A notable exception was the Executor commercial software product from Abacus Research & Development, the only product that used 100% reverse engineered code without the use of Apple technology. It ran extremely quickly but never achieved more than a minor subset of functionality. Few programs were completely compatible and many were extremely crash-prone if they ran at all. Executor filled a niche market for porting 68k Mac applications to x86 platforms; development ceased in 2002 and the source code was released by the author in late 2008.
Emulators using Mac ROM images offered near complete Mac OS compatibility and later versions offered excellent performance as modern x86 processor performance increased exponentially.
Most of the Mac user base had already started moving to the PowerPC platform that offered backward compatibility on 8.xx & 9.xx operating systems along with faster PowerPC software support. This helped ease the transition to PowerPC-only applications while prematurely obsolescing 68k emulators and the Classic-only applications they supported well before these emulators were refined enough to compete with a real Mac.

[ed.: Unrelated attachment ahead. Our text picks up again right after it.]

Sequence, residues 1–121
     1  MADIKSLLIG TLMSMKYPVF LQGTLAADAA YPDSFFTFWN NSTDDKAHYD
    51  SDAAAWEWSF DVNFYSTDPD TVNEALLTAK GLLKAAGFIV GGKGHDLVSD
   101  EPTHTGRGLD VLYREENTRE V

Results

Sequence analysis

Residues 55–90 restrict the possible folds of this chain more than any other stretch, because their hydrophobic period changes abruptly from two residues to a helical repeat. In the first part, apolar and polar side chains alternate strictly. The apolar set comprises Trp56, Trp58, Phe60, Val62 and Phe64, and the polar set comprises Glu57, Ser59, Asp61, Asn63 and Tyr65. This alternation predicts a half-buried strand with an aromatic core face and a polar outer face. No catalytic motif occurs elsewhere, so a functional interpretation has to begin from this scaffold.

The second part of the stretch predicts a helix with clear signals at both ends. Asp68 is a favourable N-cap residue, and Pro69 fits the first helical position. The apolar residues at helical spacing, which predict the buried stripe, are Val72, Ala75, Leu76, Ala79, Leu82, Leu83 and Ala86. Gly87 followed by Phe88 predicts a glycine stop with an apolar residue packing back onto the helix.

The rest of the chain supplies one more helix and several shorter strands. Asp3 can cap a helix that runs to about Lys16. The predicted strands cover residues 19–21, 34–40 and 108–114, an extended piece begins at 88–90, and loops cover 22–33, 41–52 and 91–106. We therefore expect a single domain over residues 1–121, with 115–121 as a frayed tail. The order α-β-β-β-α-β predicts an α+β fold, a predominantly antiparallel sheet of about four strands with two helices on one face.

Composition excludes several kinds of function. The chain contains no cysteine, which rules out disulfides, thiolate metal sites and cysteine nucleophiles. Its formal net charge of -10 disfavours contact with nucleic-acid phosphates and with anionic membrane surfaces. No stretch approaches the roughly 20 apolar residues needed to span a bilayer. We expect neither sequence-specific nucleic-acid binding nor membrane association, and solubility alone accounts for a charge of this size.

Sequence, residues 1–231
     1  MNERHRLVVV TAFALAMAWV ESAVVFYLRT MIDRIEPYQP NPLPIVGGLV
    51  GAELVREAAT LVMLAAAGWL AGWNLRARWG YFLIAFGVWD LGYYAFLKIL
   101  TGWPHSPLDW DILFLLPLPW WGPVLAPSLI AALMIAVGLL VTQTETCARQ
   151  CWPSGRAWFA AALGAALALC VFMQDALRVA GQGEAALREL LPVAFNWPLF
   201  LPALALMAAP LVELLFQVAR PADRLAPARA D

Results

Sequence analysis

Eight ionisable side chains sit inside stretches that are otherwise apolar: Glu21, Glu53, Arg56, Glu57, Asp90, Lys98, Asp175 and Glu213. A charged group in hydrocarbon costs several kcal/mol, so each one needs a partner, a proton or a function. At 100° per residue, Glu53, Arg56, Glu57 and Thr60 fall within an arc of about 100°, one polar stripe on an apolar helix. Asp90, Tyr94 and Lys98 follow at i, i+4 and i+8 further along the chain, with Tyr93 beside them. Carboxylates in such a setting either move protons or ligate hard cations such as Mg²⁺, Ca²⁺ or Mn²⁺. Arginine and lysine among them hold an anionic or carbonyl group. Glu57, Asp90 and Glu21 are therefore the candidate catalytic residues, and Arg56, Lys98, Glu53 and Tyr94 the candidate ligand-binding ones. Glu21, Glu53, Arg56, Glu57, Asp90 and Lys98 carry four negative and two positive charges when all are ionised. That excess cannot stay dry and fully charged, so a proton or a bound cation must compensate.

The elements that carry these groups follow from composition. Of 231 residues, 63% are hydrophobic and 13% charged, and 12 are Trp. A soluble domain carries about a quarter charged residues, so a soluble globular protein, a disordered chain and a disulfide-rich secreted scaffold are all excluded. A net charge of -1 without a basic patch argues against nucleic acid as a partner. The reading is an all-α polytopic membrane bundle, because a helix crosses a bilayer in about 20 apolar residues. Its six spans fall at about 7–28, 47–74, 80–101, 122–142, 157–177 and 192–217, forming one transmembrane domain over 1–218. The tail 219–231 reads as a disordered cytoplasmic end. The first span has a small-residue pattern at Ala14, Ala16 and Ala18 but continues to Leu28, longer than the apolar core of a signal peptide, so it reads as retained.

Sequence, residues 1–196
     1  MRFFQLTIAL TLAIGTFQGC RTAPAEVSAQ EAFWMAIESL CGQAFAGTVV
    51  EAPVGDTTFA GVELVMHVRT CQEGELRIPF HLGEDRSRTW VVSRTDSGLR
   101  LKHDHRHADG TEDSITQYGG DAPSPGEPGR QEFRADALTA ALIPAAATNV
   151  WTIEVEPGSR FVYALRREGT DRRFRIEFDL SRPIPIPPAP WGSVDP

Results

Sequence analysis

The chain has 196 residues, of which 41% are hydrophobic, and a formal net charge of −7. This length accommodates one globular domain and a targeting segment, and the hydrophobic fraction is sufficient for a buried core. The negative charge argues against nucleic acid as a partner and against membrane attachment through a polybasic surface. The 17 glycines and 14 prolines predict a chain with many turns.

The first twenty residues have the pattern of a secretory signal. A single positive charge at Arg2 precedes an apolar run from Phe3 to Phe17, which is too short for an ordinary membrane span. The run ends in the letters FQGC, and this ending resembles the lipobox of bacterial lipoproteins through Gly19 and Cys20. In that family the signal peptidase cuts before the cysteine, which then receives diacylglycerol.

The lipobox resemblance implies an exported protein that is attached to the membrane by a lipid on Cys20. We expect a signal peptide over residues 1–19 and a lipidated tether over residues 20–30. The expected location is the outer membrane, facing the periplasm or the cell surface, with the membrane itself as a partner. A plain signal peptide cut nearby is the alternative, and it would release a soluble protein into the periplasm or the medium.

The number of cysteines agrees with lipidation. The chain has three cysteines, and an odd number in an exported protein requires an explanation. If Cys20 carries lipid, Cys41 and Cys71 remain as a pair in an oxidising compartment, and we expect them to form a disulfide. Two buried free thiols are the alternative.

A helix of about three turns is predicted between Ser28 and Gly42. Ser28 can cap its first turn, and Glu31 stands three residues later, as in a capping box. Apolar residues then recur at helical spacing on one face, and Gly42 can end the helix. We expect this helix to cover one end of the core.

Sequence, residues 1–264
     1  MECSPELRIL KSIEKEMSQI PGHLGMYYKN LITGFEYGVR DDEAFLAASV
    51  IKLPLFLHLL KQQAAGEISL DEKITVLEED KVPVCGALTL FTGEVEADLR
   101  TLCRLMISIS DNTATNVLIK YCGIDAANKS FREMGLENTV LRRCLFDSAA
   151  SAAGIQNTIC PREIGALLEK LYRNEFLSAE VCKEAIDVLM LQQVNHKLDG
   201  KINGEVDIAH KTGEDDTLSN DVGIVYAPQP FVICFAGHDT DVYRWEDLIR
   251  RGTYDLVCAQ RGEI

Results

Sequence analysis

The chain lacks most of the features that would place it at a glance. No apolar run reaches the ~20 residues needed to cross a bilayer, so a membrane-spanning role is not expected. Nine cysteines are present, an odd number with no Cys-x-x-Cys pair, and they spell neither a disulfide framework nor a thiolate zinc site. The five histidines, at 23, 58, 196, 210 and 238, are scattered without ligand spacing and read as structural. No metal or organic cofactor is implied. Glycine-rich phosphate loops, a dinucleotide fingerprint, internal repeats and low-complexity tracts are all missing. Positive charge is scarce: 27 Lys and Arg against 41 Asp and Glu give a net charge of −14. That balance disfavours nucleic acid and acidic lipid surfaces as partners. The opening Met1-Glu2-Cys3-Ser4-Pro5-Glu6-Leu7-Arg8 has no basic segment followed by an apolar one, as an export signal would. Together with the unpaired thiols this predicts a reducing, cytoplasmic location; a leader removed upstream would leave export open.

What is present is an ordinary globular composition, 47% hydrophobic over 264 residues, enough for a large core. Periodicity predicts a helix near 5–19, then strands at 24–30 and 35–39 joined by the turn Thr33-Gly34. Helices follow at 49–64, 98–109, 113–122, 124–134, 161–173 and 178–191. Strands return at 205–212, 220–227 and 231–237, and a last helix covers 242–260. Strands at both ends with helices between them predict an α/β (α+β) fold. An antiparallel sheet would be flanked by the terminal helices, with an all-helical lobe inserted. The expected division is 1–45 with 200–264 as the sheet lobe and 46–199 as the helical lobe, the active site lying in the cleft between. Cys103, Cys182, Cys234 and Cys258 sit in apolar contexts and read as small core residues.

At the time of 68k-emulator development, PowerPC support was difficult to justify not only due to the emulation code itself but also the anticipated wide performance overhead of an emulated PowerPC architecture vs. a real PowerPC based Mac. This would later prove correct with the start of the PearPC and project even years later despite the availability of 7th & 8th generation x86 processors employing similar architecture paradigms present in the PowerPC. Many application developers were also creating and releasing both 68k and PowerPC versions concurrently helping to negate the need for PowerPC emulation. PowerPC Mac users who could technically run either obviously chose the faster PowerPC applications. By 1995 Apple was no longer selling 68k-based Macs and the existing installed base quickly evaporated.
The PearPC emulator is capable of emulating the PowerPC processors required by newer versions of the Mac OS (like OS X). Unfortunately, it is no longer maintained and, like many emulators, tends to run much slower than a native operating system would.
During the transition from PowerPC to Intel processors, Apple realized the need to incorporate a PowerPC emulator into OS X in order to protect its customers' investments in software designed to run on the PowerPC. Apple's solution is an emulator called Rosetta. Prior to the announcement of Rosetta, industry observers assumed that any PowerPC emulator running on an x86 processor would suffer a heavy performance penalty (e.g., PearPC's slow performance). Rosetta's relatively minor performance penalty therefore took many by surprise.